by Tzuri Hason –
This article was initially published in Hebrew for Jeducation World.
It is rather strange that Religious Zionists, which are a relatively small group within the Israeli public and even more so in the Jewish world, have an official holiday in the State of Israel; one that has fallen almost completely under their wing and is in fact only one celebrated by this group. The day combines the Zionist perspective embodied in the missions of schools, yeshivas, and ulpanim that march around Jerusalem, especially in the famous flag parade, or from a spiritual religious perspective expressed in special prayers, including hallel (holiday praise) and tachanun (supplications). Both of these perspectives conflict with two major groups in the Israeli and Jewish world: the Ultra-Orthodox public, which denies the role of the state in the miracle of the liberation of Jerusalem, and even questions that it was a miracle, and the secular public that questions miracles and the redemption of the Jewish people through divine providence, and views the liberation of this territory as occupation of disputed territories and the cause of our political headaches.
Thus, in the end, Jerusalem Day became not only affiliated with Religious Zionism, but is mainly affiliated with a very specific age group within Religious Zionism, that is the Religious Zionist youth who swamp the streets of Jerusalem on this day. These youth are the ones who lead the celebrations and keep alive the small national awareness of Jerusalem Day that still exists. True, these young boys and girls are lead by bearded rabbis throughout the streets of Jerusalem who, in terms of their age, do not exactly fit the definition of youth, and there are indeed other adult men and women who share their celebrations. Yet, at the end of the day, the youth are the ones who create the powerful and festive atmosphere of Jerusalem Day. Those teenagers, who come from all over the country and show so much joy and enthusiasm that the toughest Jerusalemites can’t resist, create a festive Jerusalem Day that even the major news broadcasts cannot ignore.
Personally, it has been quite amazing to see students who are not exactly the most dedicated in their studies throughout the school year, take up a flag and lead more introverted students in singing and dancing. Beyond that, they also help to organize lunch, fold up equipment and show a true desire to participate in a day that, while appearing to be fun, still has challenging parts that require a desire to help and invest more effort. Throughout the day, I hear criticism from other students who ask where were those who barely arrive for Mincha prayers suddenly appear from to march on the streets of Jerusalem with a flag as if they were the height of the Torah. However, the reality is that without them the entire event would lack the spirit, joy, and enthusiasm so necessary on a day meant to demonstrate joy, praise, and thanks.
After the festivities are over, I see those students who “turned on” to lead their friends through the streets of Jerusalem return to school and return to the same behavior that characterized them before. Once again, they demonstrate a lack of motivation to succeed and lead both academically and socially. When I compare their present situation against the visible potential I have seen, I find myself left with a sense of dismay that there is such a great distance between their potential and where they are now.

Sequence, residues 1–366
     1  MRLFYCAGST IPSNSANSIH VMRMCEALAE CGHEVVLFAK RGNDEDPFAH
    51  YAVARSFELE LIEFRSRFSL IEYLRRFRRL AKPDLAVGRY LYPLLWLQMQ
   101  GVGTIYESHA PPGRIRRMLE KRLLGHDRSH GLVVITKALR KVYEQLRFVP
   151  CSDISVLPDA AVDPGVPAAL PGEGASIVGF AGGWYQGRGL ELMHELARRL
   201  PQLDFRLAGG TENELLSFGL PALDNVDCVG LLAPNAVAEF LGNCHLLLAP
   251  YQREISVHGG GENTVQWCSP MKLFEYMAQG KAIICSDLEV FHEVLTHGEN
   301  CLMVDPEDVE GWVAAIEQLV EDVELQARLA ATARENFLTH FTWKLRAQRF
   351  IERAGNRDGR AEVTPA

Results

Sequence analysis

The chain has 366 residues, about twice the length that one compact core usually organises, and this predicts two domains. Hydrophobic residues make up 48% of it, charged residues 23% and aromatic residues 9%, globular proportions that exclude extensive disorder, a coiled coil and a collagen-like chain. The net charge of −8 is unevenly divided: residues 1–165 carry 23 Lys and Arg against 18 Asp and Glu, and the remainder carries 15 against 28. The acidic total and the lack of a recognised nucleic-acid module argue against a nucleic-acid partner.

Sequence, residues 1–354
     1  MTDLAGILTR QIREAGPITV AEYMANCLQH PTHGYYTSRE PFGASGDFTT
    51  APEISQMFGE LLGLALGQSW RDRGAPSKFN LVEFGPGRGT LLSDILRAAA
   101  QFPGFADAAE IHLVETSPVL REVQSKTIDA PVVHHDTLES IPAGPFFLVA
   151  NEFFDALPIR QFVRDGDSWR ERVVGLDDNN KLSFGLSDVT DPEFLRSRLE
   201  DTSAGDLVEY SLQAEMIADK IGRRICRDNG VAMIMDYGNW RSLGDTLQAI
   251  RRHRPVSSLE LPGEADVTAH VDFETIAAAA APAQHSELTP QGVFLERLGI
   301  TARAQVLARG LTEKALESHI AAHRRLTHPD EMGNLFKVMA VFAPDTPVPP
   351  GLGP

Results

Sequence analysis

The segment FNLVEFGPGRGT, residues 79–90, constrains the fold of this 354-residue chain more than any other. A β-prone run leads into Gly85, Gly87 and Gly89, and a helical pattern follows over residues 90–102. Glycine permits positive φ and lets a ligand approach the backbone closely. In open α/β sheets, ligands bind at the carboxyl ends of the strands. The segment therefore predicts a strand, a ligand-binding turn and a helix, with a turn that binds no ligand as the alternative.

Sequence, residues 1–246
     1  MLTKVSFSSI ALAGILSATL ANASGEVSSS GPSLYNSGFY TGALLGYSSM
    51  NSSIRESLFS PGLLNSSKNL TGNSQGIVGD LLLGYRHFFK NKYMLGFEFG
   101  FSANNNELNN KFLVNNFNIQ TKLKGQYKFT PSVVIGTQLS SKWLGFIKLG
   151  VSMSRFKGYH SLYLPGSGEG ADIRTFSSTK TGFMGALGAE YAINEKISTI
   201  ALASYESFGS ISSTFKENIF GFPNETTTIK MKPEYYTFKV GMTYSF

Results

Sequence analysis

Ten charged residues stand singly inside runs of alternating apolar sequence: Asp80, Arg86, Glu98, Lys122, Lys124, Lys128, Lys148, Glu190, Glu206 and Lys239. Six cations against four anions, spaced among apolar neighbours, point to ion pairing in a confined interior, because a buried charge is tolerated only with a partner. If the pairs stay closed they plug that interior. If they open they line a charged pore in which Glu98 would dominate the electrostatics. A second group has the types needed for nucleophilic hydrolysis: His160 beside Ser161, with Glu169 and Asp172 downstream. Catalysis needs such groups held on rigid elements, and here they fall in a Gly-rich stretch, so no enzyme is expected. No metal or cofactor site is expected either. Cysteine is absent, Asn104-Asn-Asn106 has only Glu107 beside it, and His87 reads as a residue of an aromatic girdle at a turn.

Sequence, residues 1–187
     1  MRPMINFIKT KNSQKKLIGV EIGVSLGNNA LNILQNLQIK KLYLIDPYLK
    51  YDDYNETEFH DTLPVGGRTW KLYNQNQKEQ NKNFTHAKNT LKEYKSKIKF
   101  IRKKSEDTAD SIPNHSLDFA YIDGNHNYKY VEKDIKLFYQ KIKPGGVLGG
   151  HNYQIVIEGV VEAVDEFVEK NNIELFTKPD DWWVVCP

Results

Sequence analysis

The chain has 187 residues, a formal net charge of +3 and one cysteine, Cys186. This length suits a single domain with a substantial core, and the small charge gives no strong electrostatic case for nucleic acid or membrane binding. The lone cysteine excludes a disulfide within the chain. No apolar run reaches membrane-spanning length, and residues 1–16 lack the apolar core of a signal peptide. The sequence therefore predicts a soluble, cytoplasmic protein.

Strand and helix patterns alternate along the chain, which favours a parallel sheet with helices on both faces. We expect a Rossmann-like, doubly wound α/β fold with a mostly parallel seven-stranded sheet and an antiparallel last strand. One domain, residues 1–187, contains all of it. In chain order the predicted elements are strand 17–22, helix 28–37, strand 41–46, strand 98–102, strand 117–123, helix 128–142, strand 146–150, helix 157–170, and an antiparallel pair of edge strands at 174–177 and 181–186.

The problem is, I am the kind of person who does not like to remain dismayed and helpless. I want to change and help them, that is one of the main reasons I am in the field of education; to help and promote boys who need direction and support. When I seek ideas that can help them, there are two possible courses of action that come to mind. The first is to accept the fact that they may not fit into the normal framework of our school and to acknowledge that their skills and abilities could be expressed much better at a different school. This is a big change, one that requires their parents’ involvement and, of course, the consent of the student themselves. They would leave the social environment where they are often very much loved, which they could resist, despite the fact that a change would bring about major improvements.
Another possibility that came to mind was to try to work off the student’s the strong points seen on Jerusalem Day, and to work with them to identify how to use those strengths in daily life and what is preventing them from bringing those abilities to school. Of course, this is not a simple job, and it is possible the student will resits and not cooperate, but I believe that it is still a realistic path that can truly change things for the better.
As I think through this, I’m aware that these are only a few ideas that I’ve come up with, and I’m sure many other educators have excellent ideas that can also help. How do we help these students embrace their strengths? I’d love to hear how other educators feel about this, because, in the end, we’re all handling similar issues, but approaching them with our own unique angle. By sharing, like I have done today, we have the opportunity for our ideas to be fertilized and produce successful solutions.
Tzuri Hason is Jeducation World’s Hebrew-speaking Jeducation Representative. Tzuri has worked in a variety of teaching positions throughout Israel and the United States.